On Avocet pontoon at Mercia

13.65 miles
7 locks

377.15 miles

256 locks
8 tunnels
10 swing bridges

Sunday, 20 October 2013

Try before you buy...

Two plus years ago one of my coping measures on a really shitty work day was to log into Mercia marinas web cam on my phone. Sad I know but it have me my instant canal fix. Just as frequently Deb used to message me screen shots of the comings and goings. The web cam is somewhere close to the cafe and looks out over the expense of the water over the top of the boats for sale. At the time living on a boat was a distant dream and part of the ten year plan. That was until I woke up one day and said - we're going to do it in the next six months. 

We visited Mercia, amongst others, and whilst we looked at an old trad boat that was a possibility there wasn't much to offer in the sales section. The rest of the marina did impress though. It is huge but well laid out into smaller sections with lots of islands to keep the vista open. The facilities were top notch and the boats were, on the whole, neat and tidy.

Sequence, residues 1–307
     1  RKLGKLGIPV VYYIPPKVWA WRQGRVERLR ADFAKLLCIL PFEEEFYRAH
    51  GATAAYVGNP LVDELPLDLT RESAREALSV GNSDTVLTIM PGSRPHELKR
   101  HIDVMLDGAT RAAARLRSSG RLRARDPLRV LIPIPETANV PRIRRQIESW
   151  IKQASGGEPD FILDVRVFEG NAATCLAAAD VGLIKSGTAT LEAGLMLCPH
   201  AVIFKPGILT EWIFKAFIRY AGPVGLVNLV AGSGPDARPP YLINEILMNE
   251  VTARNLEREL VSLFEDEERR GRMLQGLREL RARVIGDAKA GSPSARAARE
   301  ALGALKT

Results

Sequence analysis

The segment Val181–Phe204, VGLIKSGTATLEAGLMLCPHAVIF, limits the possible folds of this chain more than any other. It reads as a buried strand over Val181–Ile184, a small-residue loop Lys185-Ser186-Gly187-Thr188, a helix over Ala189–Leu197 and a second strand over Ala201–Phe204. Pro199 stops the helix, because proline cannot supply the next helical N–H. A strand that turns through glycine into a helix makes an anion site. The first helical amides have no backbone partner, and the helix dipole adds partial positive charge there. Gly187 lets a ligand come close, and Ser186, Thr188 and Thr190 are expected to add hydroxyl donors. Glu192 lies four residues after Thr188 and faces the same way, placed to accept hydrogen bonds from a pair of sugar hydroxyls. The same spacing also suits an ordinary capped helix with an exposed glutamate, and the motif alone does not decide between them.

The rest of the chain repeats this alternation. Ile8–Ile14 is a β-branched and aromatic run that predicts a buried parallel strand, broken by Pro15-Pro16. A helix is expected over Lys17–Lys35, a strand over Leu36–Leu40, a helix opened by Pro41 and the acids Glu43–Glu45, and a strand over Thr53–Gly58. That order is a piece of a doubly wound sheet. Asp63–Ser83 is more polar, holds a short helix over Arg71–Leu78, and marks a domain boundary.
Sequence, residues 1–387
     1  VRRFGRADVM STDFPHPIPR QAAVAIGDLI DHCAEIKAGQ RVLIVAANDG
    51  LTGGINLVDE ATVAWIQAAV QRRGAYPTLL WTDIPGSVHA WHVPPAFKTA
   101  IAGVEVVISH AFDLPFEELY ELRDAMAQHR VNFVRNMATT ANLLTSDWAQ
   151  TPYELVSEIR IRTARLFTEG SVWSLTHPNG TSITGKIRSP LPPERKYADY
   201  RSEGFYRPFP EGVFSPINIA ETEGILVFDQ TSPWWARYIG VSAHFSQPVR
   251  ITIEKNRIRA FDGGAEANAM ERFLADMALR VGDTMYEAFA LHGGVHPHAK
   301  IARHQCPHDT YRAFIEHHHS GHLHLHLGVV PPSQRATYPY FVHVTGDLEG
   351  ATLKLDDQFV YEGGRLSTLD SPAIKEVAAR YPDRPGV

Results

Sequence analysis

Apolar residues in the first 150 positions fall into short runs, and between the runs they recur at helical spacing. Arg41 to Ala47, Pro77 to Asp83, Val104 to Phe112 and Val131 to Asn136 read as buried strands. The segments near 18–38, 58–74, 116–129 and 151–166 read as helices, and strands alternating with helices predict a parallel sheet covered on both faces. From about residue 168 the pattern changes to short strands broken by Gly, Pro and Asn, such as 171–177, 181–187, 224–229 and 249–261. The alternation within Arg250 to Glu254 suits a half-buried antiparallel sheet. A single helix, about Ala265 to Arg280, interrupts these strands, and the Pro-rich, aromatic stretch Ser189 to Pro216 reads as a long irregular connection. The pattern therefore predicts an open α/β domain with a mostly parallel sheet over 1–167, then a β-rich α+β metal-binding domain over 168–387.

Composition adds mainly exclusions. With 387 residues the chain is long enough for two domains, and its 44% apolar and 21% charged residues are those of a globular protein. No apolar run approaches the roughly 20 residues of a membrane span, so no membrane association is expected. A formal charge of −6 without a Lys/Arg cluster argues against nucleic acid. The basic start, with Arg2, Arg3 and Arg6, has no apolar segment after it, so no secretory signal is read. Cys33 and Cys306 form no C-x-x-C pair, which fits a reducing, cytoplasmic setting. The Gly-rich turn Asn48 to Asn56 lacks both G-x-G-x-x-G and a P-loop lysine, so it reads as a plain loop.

Last years plan was to winter at Mercia but having been forced to stop in Hinckley in the summer we had had enough of marina life for a while. This year we have arranged a winter berth in Birmingham as we fancied a bit of city life but we have decided to have a pit stop at Mercia for a couple of days. The primary reason being to get the summer wardrobe thoroughly cleaned and dried and freshen the winter clothes that have been vac packed in storage, all ready for the chill down. 

The secondary reason was for a bit of 'try before you buy'. Mercia is an acceptably central location with good road and rail communications, great facilities and at a reasonable price, even the leccy is cheap at less than 12p per kWh its a fraction of what it costs to generate on board. The time is fast approaching where we will need to consider stopping for a little longer and earning some money (when will the mortgage interest rates go up? - $64k question). The practicalities of a marina berth with the all important electric hookup probably out way the preference of the pretty off line mooring on the edge of a rural village and the flexibility of paying slightly more but per month or quarter could be of real benefit.